Seu chefe deve ler este artigo: Bad Carma: O projeto "Vision", um aviso história sobre efeito de plataforma interna ou segundo efeito de sistema.
Those of us who work in Information Technology (IT) have all been on a project where something important is just not right. We know it, most everyone knows it, but nobody is quite able to put his or her finger on the problem in a convincing way.
This story is about such an IT project, the most spectacular failure I have ever experienced. It resulted in the complete dismissal of a medium-sized IT department, and eventually led to the destruction of a growing company in a growing industry. The company, which we'll call "Upstart," was a successful and profitable subscription television business.
The project occurred in the early 1990s, and it was a custom-built order-entry and customer-service application, closely resembling what is now referred to as Customer-Relationship Management or CRM. The core functionality of the system included:
- Order entry and inventory
- Customer service, help desk
- General ledger, accounts receivable, billing, and accounts payable
The application was called "Vision" and the name was both its officially stated promise for Upstart as well as a self-aggrandizing nod to its architect. The application was innovative, in that it was built to be flexible enough to accommodate any future changes to the business. Not just any foreseeable future changes to the business, but absolutely any changes to the business, in any form. It was quite a remarkable claim, but Vision was intended to be the last application ever built. It achieved this utter flexibility by being completely data-driven, providing limitless abstraction, and using object-oriented programming techniques that were cutting-edge at the time.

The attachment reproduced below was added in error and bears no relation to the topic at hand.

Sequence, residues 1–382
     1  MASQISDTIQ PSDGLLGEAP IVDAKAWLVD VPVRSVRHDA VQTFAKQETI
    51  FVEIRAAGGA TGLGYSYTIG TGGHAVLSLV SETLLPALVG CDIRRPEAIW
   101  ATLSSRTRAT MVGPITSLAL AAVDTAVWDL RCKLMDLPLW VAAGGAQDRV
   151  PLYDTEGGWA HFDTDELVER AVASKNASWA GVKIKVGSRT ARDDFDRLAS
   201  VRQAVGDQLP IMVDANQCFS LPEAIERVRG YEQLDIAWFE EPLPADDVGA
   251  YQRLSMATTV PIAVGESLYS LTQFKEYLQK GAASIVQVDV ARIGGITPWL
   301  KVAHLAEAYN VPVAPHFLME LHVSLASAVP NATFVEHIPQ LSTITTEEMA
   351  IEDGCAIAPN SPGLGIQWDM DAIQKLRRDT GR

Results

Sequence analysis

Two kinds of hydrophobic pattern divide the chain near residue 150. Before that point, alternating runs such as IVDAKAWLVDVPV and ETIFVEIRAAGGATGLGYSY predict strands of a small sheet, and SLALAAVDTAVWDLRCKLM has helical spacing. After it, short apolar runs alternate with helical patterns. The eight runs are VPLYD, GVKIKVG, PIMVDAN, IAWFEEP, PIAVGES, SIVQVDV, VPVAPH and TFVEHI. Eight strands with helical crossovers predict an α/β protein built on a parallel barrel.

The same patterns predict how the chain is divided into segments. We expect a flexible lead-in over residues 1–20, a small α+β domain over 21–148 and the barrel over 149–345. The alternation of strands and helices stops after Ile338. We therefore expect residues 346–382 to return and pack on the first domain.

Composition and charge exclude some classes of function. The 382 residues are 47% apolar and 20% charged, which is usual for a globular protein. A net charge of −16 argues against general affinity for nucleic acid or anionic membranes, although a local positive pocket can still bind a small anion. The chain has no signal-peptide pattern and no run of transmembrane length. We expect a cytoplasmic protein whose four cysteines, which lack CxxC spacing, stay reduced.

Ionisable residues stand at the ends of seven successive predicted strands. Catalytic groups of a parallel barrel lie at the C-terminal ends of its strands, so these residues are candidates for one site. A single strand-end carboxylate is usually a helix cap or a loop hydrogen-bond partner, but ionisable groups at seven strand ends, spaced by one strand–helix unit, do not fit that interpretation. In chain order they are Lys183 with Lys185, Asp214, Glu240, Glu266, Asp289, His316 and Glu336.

Like many such projects that set out to create a mission-critical application, the development effort spanned two years, about a year longer than originally projected. But that was acceptable, because this was the application that would last forever, adapting to any future requirements, providing unlimited Return On Investment (ROI). When the application finally went "live," almost everybody in the company had invested so much in it that literally the fate of the company hinged on its success.
However, in the event of total project malfunction, mission-critical applications running the core business of multinational corporations are not permitted the luxury of the type of fast flameout demonstrated by thousands of "dot-com" companies in the era of the Internet bubble. Within a month of Vision going "live," it was apparent to all but those most heavily vested in its construction that it was a failure.